Hey, robocallers, take this: FTC, Illinois, other states announce major crackdown on spam calls

The move comes as Congress is considering the Stopping Bad Robocalls Act to make phone carriers offer free tech to identify and block illegal sales calls to cellphones and landlines.

SHARE Hey, robocallers, take this: FTC, Illinois, other states announce major crackdown on spam calls
Todd Kossow, Midwest regional director of the Federal Trade Commission.

Todd Kossow, Midwest regional director of the Federal Trade Commission.

Rich Hein / Sun-Times

The Federal Trade Commission, the Illinois and Indiana attorneys general and law enforcement officials from 15 other states announced a major crackdown Tuesday on illegal — and lucrative — robocalls.

The moves come as Congress is considering bipartisan legislation called the Stopping Bad Robocalls Act, which would require phone carriers to offer consumers free technology to identify and block spam calls on cellphones and landlines in response to a practice that rates among consumers’ top complaints.

It’s high time, according to Jeri Wilds, 52, of St. Joseph, Missouri.

Wilds was in Chicago for the announcement Tuesday of the enforcement blitz after helping the FTC build a case filed earlier this month against CSG Solutions.

She says the Orlando, Florida, robocaller called her “out of the blue” last year with a prerecorded message that “said I may be eligible to be able to reduce or completely eliminate my credit-card debt.”

“I pressed ‘1’ to talk to a real person, and it just went downhill from there,” said Wilds, a retired Air Force medic who does patient screening for a Veterans Affairs clinic.

Wilds said the company knew which credit cards she had — and what her balances were. The representative she spoke with wanted $1,000 upfront. Wilds declined.

Soon after, Chase Bank and Citibank told her someone was trying to obtain credit cards in her name.

Wilds put a freeze on her credit file, notified her bank and credit issuers and demanded the company stop, which she said responded by repeatedly calling to demand she pay the $1,000 fee plus $1,300 for debt collection and attorney’s fees. She ignored the calls.

Attempts to reach CSG Solutions Tuesday weren’t successful.

According to the FTC, which has had the company’s assets frozen, three men operating as CSG and also under another name targeted consumers — many of them seniors, in some cases despite their being on the federal “Do Not Call” list — with “offers of bogus credit-card interest-rate reduction services.”

Altogether, the FTC and state authorities announced 94 enforcement actions they said targeted illegal robocallers that made a total of over 1 billion calls to consumers.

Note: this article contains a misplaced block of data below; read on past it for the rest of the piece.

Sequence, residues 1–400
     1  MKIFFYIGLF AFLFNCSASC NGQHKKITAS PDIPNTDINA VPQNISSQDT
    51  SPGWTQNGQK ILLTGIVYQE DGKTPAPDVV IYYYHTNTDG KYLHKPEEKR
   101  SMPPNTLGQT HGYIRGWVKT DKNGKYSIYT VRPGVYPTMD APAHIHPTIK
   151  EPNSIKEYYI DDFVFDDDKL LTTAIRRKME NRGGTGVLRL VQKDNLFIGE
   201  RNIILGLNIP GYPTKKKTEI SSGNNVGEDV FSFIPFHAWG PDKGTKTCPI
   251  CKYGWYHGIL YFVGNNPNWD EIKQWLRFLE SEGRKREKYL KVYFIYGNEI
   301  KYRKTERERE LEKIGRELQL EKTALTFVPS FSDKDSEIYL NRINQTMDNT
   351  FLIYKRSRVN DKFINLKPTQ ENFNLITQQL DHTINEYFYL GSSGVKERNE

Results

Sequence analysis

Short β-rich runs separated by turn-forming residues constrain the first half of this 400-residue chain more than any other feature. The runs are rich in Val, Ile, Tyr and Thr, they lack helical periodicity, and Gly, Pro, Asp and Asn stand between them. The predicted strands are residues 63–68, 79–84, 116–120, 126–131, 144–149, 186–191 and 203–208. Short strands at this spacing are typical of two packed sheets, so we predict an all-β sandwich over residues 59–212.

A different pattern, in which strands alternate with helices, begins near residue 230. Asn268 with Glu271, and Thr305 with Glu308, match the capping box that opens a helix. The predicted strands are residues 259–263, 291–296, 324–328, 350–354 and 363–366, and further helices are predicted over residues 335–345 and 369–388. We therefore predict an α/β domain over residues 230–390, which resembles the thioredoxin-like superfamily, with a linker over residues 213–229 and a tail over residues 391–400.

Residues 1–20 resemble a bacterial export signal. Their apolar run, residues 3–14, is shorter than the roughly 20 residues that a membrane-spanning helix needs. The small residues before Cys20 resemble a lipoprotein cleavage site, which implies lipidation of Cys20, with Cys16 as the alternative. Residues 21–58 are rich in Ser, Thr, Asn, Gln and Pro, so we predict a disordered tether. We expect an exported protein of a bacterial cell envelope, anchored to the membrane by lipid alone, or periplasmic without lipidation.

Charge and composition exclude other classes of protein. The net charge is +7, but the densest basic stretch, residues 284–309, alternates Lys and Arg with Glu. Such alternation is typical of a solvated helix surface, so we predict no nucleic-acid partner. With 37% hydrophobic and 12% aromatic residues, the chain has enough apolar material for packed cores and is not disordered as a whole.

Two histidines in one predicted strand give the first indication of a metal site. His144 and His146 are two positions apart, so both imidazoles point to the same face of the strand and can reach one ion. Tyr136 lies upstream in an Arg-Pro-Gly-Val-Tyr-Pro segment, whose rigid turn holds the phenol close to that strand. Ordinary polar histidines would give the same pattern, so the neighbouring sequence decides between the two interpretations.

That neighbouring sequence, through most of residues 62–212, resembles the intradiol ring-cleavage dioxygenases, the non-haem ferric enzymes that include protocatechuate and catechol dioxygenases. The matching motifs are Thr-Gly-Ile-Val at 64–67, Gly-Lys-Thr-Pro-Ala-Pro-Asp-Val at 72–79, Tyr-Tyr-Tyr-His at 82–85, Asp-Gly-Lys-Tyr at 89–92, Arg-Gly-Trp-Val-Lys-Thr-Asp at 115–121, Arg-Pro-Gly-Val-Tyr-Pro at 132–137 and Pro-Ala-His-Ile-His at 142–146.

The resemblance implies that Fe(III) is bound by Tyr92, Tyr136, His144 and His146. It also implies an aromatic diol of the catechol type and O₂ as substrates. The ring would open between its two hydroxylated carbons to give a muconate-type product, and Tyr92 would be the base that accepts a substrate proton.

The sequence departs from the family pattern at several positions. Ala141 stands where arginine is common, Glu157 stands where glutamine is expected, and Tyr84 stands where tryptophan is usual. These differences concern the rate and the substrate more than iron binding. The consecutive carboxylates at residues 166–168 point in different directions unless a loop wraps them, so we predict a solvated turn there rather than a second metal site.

In several cases, the government has won multimillion-dollar civil penalties or judgments. One of those, a case filed in federal court in Chicago against Lifewatch Inc., a New York company that called people in Chicago and elsewhere to pitch medical-alert devices, resulted in a court order Monday permanently banning several defendants from telemarketing and ordering them to pay $2 million. Other cases are newly filed.

Some illegal robocalls pitched weight-loss aids, solar panels and various money-making opportunities, according to the FTC.

Any sales call using a prerecorded message is illegal, said Todd Kossow, the federal agency’s Chicago-based Midwest regional director, unless you have signed up — in writing — to allow such calls.

Last year, illegal robocalls prompted about 3.8 million complaints to the FTC.

“The first question I always get is: ‘How can I stop all the robocalls that are coming to my cellphone or my landline?’ ” Kossow said.

What you can do about robocalls

The FTC advises:
  • Don’t answer if you think an incoming call is a robocall.
  • If you did answer, hang up. Don’t press a number to try to get a live person.
  • Go online to FTC.gov/calls for more information on ways to try to block calls.
  • Report illegal robocalls online at FTC.gov/complaint.

The Latest
“[Neris] gave a speech, and usually it’s after a loss,” Shota Imanaga said. “But the fact that he did it after a win is very reassuring. He had a lot of positive words.”
Imanaga makes success look so simple, it’s easy to forget to ask him how he’s handling life alone in a huge new city halfway around the world from home.
Scottie Scheffler’s recent arrest brings up a man who followed an ideal.
Those two teens were among five people in a vehicle “traveling at a high rate of speed” Saturday in the 3800 block of Harrison Street when it failed to yield to a traffic signal and collided with another vehicle about 11:10 p.m., police said.